This week’s installment of Ten Questions features Allie Rowbottom, whose debut novel, Aesthetica, is out today from Soho Press. In this Los Angeles Gothic narrative set in the near future, an aging former influencer named Anna undergoes a cosmetic procedure that promises to reverse the many plastic surgeries she underwent seeking internet celebrity. Meanwhile a reporter is set to out her former manager, Jake, as an abuser, and Anna must decide whether to tell her own story about the man who “discovered” her at seventeen. As Anna reflects on the events that have brought her to this moment, readers chart her transformation from insecure teenager to Instagram star under the tutelage of Jake, whose money and power Anna craves—determined to rise above her humble upbringing by an ill single mother whose warnings about the perils of social media register too late. Publishers Weekly praises Aesthetica as “a scorching commentary on society’s blindness toward female pain.” Allie Rowbottom is the author of the memoir Jell-O Girls: A Family History (Little, Brown, 2018). Her essays and short fiction can be found at Literary Hub, Salon, and elsewhere.
1. How long did it take you to write Aesthetica?
I started Aesthetica in late 2018. Then my computer was stolen, and with it all my work. I started Aesthetica again in 2019. But the draft I produced was terrible and needed to be completely rewritten. Then I broke my wrist roller skating while drunk. It was early 2020, the first days of the pandemic. Wearing a full arm cast, I sat down with a yellow legal pad and a pencil to begin what would become the first draft of the book that Aesthetica is today.
2. What was the most challenging thing about writing the book?
I struggled with the mental task of stepping outside marketplace concerns and the imperative to rush a second book into reality. I kept feeling like I needed a follow-up to Jell-O Girls: A Family History right away, that by not publishing a second book within a year of my first I was failing to seize my moment and would slip into obscurity. Finding my way out of this thought pattern was the most challenging part of writing Aesthetica.
3. Where, when, and how often do you write?
The answer to this question varies depending on what I am working on and how many editing clients I’ve committed to. But for the most part, I write daily: first thing in the morning, at my desk, for an average of two hours.
4. What are you reading right now?
I just finished Miranda July’s The First Bad Man and am about to start reading an unpublished manuscript by Genevieve Hudson, who is a member of my writing group and a dear friend. Reading for my writing group—which consists of myself, Chelsea Bieker, Cyrus Simonoff, Genevieve Hudson and T Kira Madden—is my purest joy. The work my friends produce is always my favorite.
5. Which author or authors have been influential for you, in your writing of this book in particular or as a writer in general?
I have been influenced by Joan Didion’s facility for enmeshing information and cadence on a sentence level, Maggie Nelson’s pacing, Ottessa Moshfegh’s use of the habitual (“every time I...”), and Carole Maso’s knack for sensory experience. For Aesthetica in particular, Mary Gaitskill’s Veronica was a great inspiration and guide. This is a woefully incomplete list.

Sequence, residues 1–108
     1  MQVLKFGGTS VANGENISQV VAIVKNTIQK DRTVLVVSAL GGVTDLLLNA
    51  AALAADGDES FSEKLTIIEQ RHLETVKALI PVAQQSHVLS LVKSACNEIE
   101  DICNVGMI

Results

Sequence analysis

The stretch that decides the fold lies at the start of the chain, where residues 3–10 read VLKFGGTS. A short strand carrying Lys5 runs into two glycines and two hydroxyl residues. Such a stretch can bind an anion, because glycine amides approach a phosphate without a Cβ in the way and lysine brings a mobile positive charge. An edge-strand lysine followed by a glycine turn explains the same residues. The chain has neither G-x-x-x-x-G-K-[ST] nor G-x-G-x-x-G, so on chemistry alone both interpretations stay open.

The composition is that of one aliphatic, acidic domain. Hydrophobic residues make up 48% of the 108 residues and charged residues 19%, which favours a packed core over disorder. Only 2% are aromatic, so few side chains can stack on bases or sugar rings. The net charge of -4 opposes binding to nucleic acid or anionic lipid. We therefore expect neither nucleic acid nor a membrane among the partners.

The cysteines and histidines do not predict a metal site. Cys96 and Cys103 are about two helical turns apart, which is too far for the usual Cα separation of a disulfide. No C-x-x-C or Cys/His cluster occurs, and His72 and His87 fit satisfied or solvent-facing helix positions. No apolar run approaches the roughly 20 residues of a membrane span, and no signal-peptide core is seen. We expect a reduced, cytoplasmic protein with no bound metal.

6. What is one thing that surprised you during the writing of Aesthetica?
I spent a year resisting the plot I needed. When I gave in to it, the whole book fell into place. This was a surprise to me.
7. What is one thing that your agent or editor told you during the process of publishing this book that stuck with you?
“You only need one.” That is something my agent, Erin Harris, told me when Aesthetica was out on submission and kept getting passed on: one editor, one agent, one person to believe in you and see the value in your work. Not only was she right, but the process of selling this book taught me something else: The book everyone wants to buy, the book everyone can agree on, is usually not the book I want to read.
8. If you could go back in time and talk to the earlier you, before you wrote Aesthetica, what would you say?
It’s going to be okay. Take your time. Assemble a team you can trust, but know that no one will ever care about your work as much as you do. It’s up to you to advocate for your books. So be brave and push.
9. What forms of work, other than writing, did you have to do to complete this book?
I met my therapist for the first time after a particularly defeating writing day, and from there our work began. Therapy was imperative to getting this book to the emotional place it needed to be in to achieve what I wanted it to achieve. I also worked quite diligently on building my personal Instagram profile, as well as a separate Instagram account, @annawrey, that I started as a performance art piece adjacent to the novel.
10. What’s the best piece of writing advice you’ve ever heard?
Sentence Writing 101: The strongest word goes at the end.